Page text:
The West has been fascinated by Japan for centuries. As ‘the land of the rising sun’, it has been characterised by its exotic strangeness to us combining finely crafted beauty, an unrivalled artisan culture and (most of all) exceptional food.
Japanese food does not automatically spring to mind when dreaming up a simple home-cooked meal. Our ‘discovery’ of sushi in the 90s with unironically kitsch little Japanese restaurants each bordering of a charicature of itself helped to make Japanese food the latest thing; Yo Sushi thrives to this day on that reputation and our nation’s first populist brush with meals largely consisting of raw fish. Wagamama came later, offering us smoldering bowls of ramen and satisfyingly girthy udon noodles. We lapped them both up, but still we didn’t try this at home.
So why don’t we? The supply of South-East Asian staples has improved dramatically over the last twenty years partly because of the popularity of these restaurants; are there any excuses left? Are we just being lazy? Scaredy cats, even?
With this in mind, we have tried to create some easy and highly ‘Western friendly’ interpretations of Japanese cuisine. If you’ve felt fear at the thought of which vermicelli to use in your artisan spring rolls quake no longer; howellandharte are here and we’re going to sort you out.
Sushi: Lettuce Hand Rolls
Sushi horror stories are penny-a-dozen. Seaweed, rice and some fish: how hard could it be? Considering sushi chefs typically spend around 5 years training (and only then are they allowed to make the rice by themselves) possibly quite tricky as anyone who has felt like dabbling at a little sushi making will already know.
This is recipe is a cheat: there is no seaweed and to make up for the loss of flavour we have included tobacco onions to give things a little more character.
One piece of advice: make sure you have some serious weapon-grade tuna. Freshness is key to sushi if you don’t want to be chewing on some mushy, slimy thing in an unflattering overcoat of savoury rice-pudding. Go to your fish counter or even better a local fish monger: we went to Moxon’s by Clapham South tube station who had some excellent sushi-grade yellow-fin tuna in stock. Same goes for salmon or any other fish you may wish to use.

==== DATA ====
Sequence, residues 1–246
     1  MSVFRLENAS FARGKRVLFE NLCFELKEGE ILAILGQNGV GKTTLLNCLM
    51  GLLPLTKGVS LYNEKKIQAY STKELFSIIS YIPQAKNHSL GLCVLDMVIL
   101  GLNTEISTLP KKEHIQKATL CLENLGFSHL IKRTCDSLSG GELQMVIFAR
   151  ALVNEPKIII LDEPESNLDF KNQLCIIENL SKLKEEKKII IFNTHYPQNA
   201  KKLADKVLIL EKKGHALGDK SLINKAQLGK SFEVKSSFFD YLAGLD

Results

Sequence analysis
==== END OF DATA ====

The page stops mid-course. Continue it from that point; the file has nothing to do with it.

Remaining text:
Remember, the recipe below is a suggestion of what to put in your handroll – this should be a ‘fajita-style’ meal so get stuck in and improvise.
Cooked Sushi Rice (recipe here)
1 Onion, halved and sliced into half-moon strips
20g Plain Flour
100ml Sunflower Oil
160g Yellow Fin Tuna
260g Fresh Salmon
Soy sauce, wasabi paste and pickled ginger to serve.
To make the tobacco onions, first out the oil onto a high heat so that it gets very hot. Take the half-moon strips of onion, dip them in milk and then coat thoroughly in flour. Repeat this process until you have all of the strips finely coated in a powdery batter. Place in the hot oil and cook until golden brown. You may have to cook the onion in batches but once each batch is done place it on some kitchen paper so any excess fat can drain off and sprinkle over a little table salt to season. Set aside and allow to cool.
Pick apart the separate leaves of the lettuce, ensuring that they stay in tact. Wash them to remove any dirt, shake and set aside in a large bowl.
To prepare your fillings, start with the avocados. Remove the stone and try to scoop out each of the halves with a spoon and cut into strips on a chopping board. When you think you are ready to serve start cutting the fish into similar manageable strips and serve on a platter.
Place all the components on the table ready to serve. Each diner should take a lettuce leaf and a spoonful of sushi rice pressing it down into the leaf with their thumb. Once flattened they can then add their choice of filling and fish as well as any of the condiments they wish. Repeat and enjoy!
Serves 4 (as a side dish)
3tsps sesame seeds
1/2 a medium sized cucumber
1 spring onion, finely matchsticked
In a small pan, lightly toast the sesame seeds over a medium heat until they start to turn golden.
Prepare the wasabi mayonnaise, mixing the two ingredients together in a small dish or pot. You can make the mayonnaise more or less potent according to taste but bare in mind that you don’t want to blow people’s heads off. To adjust simply add more or less of either ingredient.
Grate the carrots and place in a large bowl. Grate the cucumber but once this is done put into a sieve and press down lightly in order to remove excess liquid – you do not want this to become a wet mess. When the cucumber has been drained, place in the bowl with the carrots.
Add the spring onions and toasted sesame seeds to the cucumber and carrots. Mix in the wasabi mayonnaise. Serve straight away.
Refreshing Cucumber Salad
Serves 2 (as a side dish)
1/2 cucumber, matchsticked
1 fistfuls rocket
2tsps nigella seeds
1tbsp toasted sesame oil
1tbsp soy sauce
Place the cucumber and rocket in a medium sized salad bowl or serving dish. Pour over the oil and soy sauce and toss thoroughly. Scatter half of the nigella seed over the salad and toss again. Scatter the remaining nigella seed over the top of the salad and serve.